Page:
CStat

class sherpa.stats.CStat(name='cstat')[source] [edit on github]

Bases: `Likelihood`

Poisson Log-likelihood function (XSPEC style).

This is equivalent to the XSPEC implementation of the Cash statistic 1 except that it requires a model to be fit to the background. To handle the background in the same manner as XSPEC, use the WStat statistic.

Counts are sampled from the Poisson distribution, and so the best way to assess the quality of model fits is to use the product of individual Poisson probabilities computed in each bin i, or the likelihood L:

L = (product)_i [ M(i)^D(i)/D(i)! ] * exp[-M(i)]

where M(i) = S(i) + B(i) is the sum of source and background model amplitudes, and D(i) is the number of observed counts, in bin i.

The cstat statistic is derived by (1) taking the logarithm of the likelihood function, (2) changing its sign, (3) dropping the factorial term (which remains constant during fits to the same dataset), (4) adding an extra data-dependent term (this is what makes it different to `Cash`, and (5) multiplying by two:

C = 2 * (sum)_i [ M(i) - D(i) + D(i)*[log D(i) - log M(i)] ]

The factor of two exists so that the change in the cstat statistic from one model fit to the next, (Delta)C, is distributed approximately as (Delta)chi-square when the number of counts in each bin is high. One can then in principle use (Delta)C instead of (Delta)chi-square in certain model comparison tests. However, unlike chi-square, the cstat statistic may be used regardless of the number of counts in each bin.

The inclusion of the data term in the expression means that, unlike the Cash statistic, one can assign an approximate goodness-of-fit measure to a given value of the cstat statistic, i.e. the observed statistic, divided by the number of degrees of freedom, should be of order 1 for good fits.

Notes

The background should not be subtracted from the data when this statistic is used. It should be modeled simultaneously with the source.

The cstat statistic function evaluates the logarithm of each data point. If the number of counts is zero or negative, it’s not possible to take the log of that number. The behavior in this case is controlled by the `truncate` and `trunc_value` settings in the .sherpa.rc file:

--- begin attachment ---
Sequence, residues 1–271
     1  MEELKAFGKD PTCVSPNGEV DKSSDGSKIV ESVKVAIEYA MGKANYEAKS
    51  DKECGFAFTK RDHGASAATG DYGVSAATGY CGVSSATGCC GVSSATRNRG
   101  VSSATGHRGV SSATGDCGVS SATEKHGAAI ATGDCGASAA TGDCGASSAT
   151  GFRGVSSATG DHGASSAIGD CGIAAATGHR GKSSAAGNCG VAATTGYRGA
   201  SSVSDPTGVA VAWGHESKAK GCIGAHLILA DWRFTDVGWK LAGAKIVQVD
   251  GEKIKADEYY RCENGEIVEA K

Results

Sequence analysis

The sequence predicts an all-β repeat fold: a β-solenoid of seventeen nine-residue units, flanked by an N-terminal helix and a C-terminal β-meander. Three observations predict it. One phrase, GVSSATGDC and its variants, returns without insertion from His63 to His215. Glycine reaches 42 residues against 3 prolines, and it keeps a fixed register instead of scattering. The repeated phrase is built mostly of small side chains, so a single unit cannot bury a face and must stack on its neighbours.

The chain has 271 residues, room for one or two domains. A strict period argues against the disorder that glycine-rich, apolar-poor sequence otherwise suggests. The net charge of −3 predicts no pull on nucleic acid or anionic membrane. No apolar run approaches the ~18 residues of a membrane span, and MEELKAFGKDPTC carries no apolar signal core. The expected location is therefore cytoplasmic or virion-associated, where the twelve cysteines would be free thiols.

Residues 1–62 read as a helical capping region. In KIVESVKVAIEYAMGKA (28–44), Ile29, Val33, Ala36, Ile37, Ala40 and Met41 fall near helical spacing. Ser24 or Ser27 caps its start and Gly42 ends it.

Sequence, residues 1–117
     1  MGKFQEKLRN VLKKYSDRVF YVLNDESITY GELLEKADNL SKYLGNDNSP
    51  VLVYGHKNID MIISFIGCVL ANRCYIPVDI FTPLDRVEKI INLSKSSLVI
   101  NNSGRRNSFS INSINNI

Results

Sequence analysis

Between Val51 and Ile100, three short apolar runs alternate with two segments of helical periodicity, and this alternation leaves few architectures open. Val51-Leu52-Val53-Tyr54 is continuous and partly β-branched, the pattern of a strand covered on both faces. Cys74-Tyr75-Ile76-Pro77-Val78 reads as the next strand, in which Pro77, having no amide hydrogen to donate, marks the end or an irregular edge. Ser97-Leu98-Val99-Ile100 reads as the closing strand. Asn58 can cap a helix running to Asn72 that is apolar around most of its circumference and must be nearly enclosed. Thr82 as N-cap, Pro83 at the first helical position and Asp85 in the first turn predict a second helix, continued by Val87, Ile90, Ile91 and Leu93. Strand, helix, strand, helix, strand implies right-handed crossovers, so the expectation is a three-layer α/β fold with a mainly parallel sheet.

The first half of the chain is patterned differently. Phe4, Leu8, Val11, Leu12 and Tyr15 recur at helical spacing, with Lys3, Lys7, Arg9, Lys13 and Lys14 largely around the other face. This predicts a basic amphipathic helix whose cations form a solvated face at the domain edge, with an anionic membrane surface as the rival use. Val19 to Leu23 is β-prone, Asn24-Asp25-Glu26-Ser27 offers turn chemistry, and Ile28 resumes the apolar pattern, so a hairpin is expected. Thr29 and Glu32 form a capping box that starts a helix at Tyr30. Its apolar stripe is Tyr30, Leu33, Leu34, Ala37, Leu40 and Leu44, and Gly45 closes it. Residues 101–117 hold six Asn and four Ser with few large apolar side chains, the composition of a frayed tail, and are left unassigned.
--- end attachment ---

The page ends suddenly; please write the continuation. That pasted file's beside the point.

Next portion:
• if `truncate` is `True` (the default value), then `log(trunc_value)` is used whenever the data value is <= 0. The default is `trunc_value=1.0e-25`.

• when `truncate` is `False` an error is raised.

References

1

The description of the Cash statistic (`cstat`) in https://heasarc.gsfc.nasa.gov/xanadu/xspec/manual/XSappendixStatistics.html

Methods Summary

 `calc_stat`(data, model) Return the statistic value for the data and model. `calc_staterror`(data) Return the statistic error values for the data. `goodness_of_fit`(statval, dof) Return the reduced statistic and q value.

Methods Documentation

calc_stat(data, model) [edit on github]

Return the statistic value for the data and model.

Parameters
Returns

• statval (number) – The value of the statistic.

• fvec (array of numbers) – The per-bin “statistic” value.

static calc_staterror(data) [edit on github]

Return the statistic error values for the data.

Parameters

data (scalar or 1D array of numbers) – The data values.

Returns

staterror – The errors for the input data values (matches the data argument).

Return type

scalar or array of numbers

goodness_of_fit(statval, dof) [edit on github]

Return the reduced statistic and q value.

The reduced statisitc is conceptually simple, as it is just statistic / degrees-of-freedom, but it is not meaningful for all statistics, and it is only valid if there are any degrees of freedom.

Parameters
• statval (float) – The statistic value. It is assumed to be finite.

• dof (int) – The number of degrees of freedom, which may be 0 or negative.

Returns

• rstat (float or NaN or None) – The reduced statistic. If the statistic does not support a goodness of fit then the return value is `None`. If it does then NaN is returned if either the number of degrees of freedom is 0 (or less), or the statistic value is less than 0.

• qval (float or NaN or None) – The q value. If the statistic does not support a goodness of fit then the return values are `None`. If it does then NaN is returned if either the number of degrees of freedom is 0 (or less), or the statistic value is less than 0.